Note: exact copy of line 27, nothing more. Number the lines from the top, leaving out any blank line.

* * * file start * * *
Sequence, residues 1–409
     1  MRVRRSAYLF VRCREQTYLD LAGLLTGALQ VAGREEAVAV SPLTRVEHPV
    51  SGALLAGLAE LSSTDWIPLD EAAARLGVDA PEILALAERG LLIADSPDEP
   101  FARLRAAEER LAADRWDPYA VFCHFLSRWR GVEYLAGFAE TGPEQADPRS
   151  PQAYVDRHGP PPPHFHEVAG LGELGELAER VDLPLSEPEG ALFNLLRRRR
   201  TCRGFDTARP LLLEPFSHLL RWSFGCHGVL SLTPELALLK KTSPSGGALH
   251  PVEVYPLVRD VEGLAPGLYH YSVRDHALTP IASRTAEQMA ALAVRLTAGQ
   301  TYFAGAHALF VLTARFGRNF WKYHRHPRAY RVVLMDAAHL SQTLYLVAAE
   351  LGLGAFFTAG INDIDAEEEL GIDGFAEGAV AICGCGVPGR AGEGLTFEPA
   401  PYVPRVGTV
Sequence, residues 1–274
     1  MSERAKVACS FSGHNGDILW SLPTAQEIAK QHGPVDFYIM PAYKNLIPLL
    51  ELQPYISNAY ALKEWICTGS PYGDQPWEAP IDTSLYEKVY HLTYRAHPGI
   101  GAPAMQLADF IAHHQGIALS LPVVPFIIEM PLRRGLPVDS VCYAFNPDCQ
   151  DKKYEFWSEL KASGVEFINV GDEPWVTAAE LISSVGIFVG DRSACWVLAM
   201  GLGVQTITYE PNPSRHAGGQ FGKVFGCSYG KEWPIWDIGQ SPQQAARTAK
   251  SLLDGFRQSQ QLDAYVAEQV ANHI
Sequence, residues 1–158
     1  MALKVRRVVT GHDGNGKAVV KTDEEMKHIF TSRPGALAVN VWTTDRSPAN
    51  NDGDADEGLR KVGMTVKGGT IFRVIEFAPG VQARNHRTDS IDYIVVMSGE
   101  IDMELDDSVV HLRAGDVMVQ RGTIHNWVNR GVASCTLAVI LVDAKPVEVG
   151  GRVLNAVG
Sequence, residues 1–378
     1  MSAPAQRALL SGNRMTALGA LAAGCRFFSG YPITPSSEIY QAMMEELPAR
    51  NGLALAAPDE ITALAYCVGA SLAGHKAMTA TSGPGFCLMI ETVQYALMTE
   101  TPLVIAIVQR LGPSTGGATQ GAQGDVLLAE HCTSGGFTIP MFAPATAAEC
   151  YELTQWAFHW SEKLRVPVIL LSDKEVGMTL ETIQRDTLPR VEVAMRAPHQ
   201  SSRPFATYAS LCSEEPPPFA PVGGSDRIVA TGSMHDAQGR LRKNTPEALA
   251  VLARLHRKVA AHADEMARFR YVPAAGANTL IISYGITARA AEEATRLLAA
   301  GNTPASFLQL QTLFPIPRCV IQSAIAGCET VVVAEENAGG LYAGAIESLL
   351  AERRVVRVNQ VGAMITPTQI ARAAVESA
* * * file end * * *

   151  YELTQWAFHW SEKLRVPVIL LSDKEVGMTL ETIQRDTLPR VEVAMRAPHQ